In this exercise, I was required to find a system that would ensure a safe passage of three animals across a river. These animals were a cat, a dog and a mouse. The catch was that the raft could only transport the man and just one animal for each trip time across the river. The problem was that if the cat and dog were left alone on the river bank, the dog would eat the cat. Similarly, if the cat was left alone with the mouse on the river bank, the cat would eat the mouse. This called for a coming up with a way to safely get all these animals across the river without harm to either one of them. This is how I interpreted the problem.
The strategy that I used is the subgoals strategy (Sternberg & Pretz, 2004, p. 156). This involves breaking down a problem into smaller more manageable pieces and then solving each problem at a time instead of taking the whole issue head on. This subgoals strategy aims at first getting an animal across safely while ensuring the safety of the ones left on the other side. Using this strategy I decided to transport the cat first to the other side because the dog can be left alone with the mouse without harming it. Secondly I decided to transport the dog to the other side and then I transported the cat back to the original side instead of leaving it with the dog. Then I transported the mouse and left it with the dog and finally I came for the cat. This way all the animals were safely across.
The obstacle that I encountered while solving this problem was low motivation after trying out three times and failing, it seemed impossible to solve it. However after going through the text on problem solving and the various examples given especially the one involving Hobbits and Orcs, I had a clue on how to tackle this problem and on giving it another shot, I managed to crack it (Sternberg & Pretz, 2004, p.265). Where I was failing is focusing too much on having them on the other side without thinking that I could bring back one animal ( the cat) to the original side, leave it and pick up the one that had remained, that is the mouse, carry it over to be left with the dog then come back for the cat.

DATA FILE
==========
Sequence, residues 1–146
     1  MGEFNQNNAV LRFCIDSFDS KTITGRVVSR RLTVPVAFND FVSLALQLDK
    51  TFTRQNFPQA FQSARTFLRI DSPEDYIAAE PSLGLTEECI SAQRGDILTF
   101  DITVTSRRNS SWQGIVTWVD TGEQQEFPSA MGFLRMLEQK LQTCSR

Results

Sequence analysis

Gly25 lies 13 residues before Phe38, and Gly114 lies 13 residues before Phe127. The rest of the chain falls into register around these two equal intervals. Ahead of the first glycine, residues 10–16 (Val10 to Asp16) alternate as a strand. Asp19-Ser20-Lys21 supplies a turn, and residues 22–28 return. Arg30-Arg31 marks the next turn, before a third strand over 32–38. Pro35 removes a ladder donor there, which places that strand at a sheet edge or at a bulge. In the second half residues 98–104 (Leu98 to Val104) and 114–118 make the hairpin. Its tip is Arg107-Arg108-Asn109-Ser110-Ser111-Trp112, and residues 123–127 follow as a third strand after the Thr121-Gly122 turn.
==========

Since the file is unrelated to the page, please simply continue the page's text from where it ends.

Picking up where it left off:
I was aware of the thought process as I worked through the problem (Sternberg & Pretz, 2004, p.354). I knew the survival two of these animals mainly the cat and the mouse depended on the strategy I would use to transport them across the river. At the back of my mind, I knew that the only two animals that could be left alone were the dog and the mouse, and the only animal that could be the first to cross would be the cat. I also had to factor in that the raft could only transport one animal across each time together with the man commanding the raft. The most important thing was to securely get all the three animals across the river in one piece.
Sternberg J. Robert PhD, & Pretz E. Jean. (2004). Cognition and Intelligence: Identifying the Mechanisms of the Mind. England: Cambridge University Press.